10 Rated Books Book Reviews Guest Dare

Guest Dare: The Lord of the Rings – The Fellowship of the Ring by J.R.R. Tolkien

Welcome to the first Guest Dare of 2010! For those new to the feature, our Guest Dare is a monthly endeavor in which we invite an unsuspecting victim to read a book totally outside of their comfort zone. You can read all previous Dare posts HERE.

This month’s victim is Renee – prolific blogger of Renee’s Book Addiction and reader of all things Romance, Romance, YA, M/M, Mystery , etc. When we contacted her for a guest dare, she came back to say she hasn’t read many Epic Fantasy – not even, gasp, Lord of the Rings. We immediately created a list which included not only Tolkien but Rothfuss, Sanderson and others. Her first choice was The Name of the Wind by Patrick Rothfuss, but after much nagging from her significant other, she caved and decided to read The Lord of the Rings.

Ladies and gents, please give it up for Renee!

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Title: The Fellowship of the Ring

Author: JRR Tolkien

Genre: Fantasy

Publisher: Ballantine (This is the edition I read, but there are many publishers.)
Publication Date: July 29, 1954 (UK)
Paperback: 527 pp

Stand alone or series: The Lord of the Rings, Part One – The Fellowship of the Rings

Why did we recommend this book: It is an Epic Fantasy classic and one our Favorite books of all time.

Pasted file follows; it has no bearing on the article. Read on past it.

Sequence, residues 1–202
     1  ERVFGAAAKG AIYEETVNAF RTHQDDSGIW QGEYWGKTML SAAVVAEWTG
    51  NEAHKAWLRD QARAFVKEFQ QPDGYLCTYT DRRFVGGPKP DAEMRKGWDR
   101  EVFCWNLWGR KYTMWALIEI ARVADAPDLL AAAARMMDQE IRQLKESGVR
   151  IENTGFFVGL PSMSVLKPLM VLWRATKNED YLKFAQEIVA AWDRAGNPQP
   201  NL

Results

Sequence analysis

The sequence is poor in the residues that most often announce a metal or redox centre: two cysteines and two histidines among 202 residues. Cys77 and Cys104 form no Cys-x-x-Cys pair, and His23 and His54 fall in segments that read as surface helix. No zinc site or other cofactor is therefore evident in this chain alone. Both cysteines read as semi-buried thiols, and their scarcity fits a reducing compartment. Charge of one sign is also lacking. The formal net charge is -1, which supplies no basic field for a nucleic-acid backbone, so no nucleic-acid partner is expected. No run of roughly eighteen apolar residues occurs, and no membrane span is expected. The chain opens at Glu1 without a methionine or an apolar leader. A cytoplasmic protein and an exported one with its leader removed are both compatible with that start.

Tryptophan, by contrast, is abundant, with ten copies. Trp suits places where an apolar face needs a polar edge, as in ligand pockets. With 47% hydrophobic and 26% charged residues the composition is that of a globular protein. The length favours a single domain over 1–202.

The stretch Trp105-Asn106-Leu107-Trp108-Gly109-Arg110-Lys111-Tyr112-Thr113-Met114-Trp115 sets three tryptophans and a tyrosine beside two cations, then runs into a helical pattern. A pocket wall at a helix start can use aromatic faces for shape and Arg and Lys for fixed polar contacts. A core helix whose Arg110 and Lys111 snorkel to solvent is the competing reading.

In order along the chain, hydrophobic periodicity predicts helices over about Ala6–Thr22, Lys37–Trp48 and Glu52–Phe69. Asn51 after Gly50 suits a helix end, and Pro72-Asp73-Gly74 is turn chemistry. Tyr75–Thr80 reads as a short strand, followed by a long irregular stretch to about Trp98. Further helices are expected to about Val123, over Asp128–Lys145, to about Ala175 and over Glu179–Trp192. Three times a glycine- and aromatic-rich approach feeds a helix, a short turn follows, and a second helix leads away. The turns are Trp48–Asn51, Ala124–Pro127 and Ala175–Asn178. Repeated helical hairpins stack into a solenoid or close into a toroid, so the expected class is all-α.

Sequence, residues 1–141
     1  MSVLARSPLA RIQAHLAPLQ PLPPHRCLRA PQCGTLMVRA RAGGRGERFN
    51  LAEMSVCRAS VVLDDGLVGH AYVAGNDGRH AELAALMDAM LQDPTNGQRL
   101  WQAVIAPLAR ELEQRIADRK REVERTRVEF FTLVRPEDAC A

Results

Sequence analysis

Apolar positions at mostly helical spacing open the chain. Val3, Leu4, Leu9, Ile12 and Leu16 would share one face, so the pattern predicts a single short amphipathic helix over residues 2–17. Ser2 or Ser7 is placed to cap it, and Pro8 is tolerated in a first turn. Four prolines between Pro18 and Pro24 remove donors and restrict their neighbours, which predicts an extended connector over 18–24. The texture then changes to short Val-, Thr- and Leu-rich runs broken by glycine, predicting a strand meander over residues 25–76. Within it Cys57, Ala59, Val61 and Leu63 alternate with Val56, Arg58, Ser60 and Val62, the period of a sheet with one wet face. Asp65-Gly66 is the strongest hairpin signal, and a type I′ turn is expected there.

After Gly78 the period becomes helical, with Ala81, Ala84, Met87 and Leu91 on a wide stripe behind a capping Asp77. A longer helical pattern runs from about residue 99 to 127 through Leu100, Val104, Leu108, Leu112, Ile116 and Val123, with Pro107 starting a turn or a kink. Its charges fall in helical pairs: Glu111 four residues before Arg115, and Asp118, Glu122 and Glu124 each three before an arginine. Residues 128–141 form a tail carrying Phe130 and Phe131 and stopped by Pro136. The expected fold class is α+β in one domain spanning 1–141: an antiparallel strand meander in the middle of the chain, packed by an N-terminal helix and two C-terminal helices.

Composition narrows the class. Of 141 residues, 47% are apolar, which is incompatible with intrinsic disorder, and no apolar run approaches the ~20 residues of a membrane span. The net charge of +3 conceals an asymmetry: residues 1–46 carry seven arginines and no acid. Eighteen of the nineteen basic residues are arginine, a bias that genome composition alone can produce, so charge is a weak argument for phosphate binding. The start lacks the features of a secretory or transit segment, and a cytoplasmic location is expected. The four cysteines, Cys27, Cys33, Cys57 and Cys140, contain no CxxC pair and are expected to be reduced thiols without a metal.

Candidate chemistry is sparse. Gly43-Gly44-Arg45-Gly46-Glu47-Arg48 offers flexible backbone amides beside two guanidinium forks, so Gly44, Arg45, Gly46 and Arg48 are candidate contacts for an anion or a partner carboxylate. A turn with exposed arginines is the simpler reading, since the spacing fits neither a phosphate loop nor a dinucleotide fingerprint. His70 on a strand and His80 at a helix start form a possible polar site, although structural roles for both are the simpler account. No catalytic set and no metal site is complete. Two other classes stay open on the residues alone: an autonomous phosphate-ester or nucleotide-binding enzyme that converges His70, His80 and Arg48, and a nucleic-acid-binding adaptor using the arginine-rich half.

Summary:

Sauron, the Dark Lord, has gathered to him all the Rings of Power except one — the One Ring that rules them all — which has fallen into the hands of the hobbit Bilbo Baggins. Young Frodo Baggins finds himself faced with an immense task when Bilbo entrusts the Ring to his care. Frodo must make a perilous journey across Middle-earth to the Cracks of Doom, there to destroy the Ring and foil the Dark Lord in his evil purpose.

Renee’s Review:

From the outset, high fantasy was one of the genres I suggested to Ana and Thea when we first discussed this guest dare. The Fellowship of the Ring was mentioned by Ana, but I blew off the suggestion, being far too intimidated by taking on such an icon of fantasy lit. Also, I tried reading The Hobbit a couple of times in my teens, and couldn’t get through it. When I told my husband about Ana’s suggestions, he said I was going to have to give back both my lit major card (we were both lit majors in college and met in a literature class) and my geek card if I didn’t remedy the fact that I hadn’t read this classic.

Typically, my reading tastes are varied, mostly enjoying romance of all flavors, YA, urban fantasy, dark fantasy, and other kinds of spec fiction. However, high fantasy has never been a genre that I have been interested in reading. I think of knights and wizards and trolls, and my eyes glaze over. (Movies, especially The Lord of the Rings trilogy, are another matter, for some reason. I love these movies to death.) In fact, I often think I’d be interested in a high fantasy book, buy it, and then reality sets in and it just sits on my shelf, unread.

Since I consider myself a self-respecting book-geek, I rose to the challenge, and took on The Fellowship of the Ring.

Most people are familiar with the story of The Fellowship of the Ring, either the book or film, so (for the most part) I’m focusing this review on my experience reading the book, rather than reiterating the plot points.

The Prologue: When I first started the book, I was really stressed out by the Prologue. The history and backstory set out in it was complex, and the number of names, events, and dates felt really overwhelming. I also worried the entire book was going to be like this. However, I was reassured that I didn’t need to memorize everything, and that the Prologue’s style was more to give a sense of entering a complete world. So, I relaxed and kept moving forward.